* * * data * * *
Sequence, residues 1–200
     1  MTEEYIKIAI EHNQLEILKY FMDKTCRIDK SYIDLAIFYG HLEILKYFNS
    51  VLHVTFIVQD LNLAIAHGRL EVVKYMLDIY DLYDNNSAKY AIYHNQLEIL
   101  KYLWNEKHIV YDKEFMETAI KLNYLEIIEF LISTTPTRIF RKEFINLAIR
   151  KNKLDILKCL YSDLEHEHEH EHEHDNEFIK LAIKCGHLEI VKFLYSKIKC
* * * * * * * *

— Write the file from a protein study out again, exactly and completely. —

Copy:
Sequence, residues 1–200
     1  MTEEYIKIAI EHNQLEILKY FMDKTCRIDK SYIDLAIFYG HLEILKYFNS
    51  VLHVTFIVQD LNLAIAHGRL EVVKYMLDIY DLYDNNSAKY AIYHNQLEIL
   101  KYLWNEKHIV YDKEFMETAI KLNYLEIIEF LISTTPTRIF RKEFINLAIR
   151  KNKLDILKCL YSDLEHEHEH EHEHDNEFIK LAIKCGHLEI VKFLYSKIKC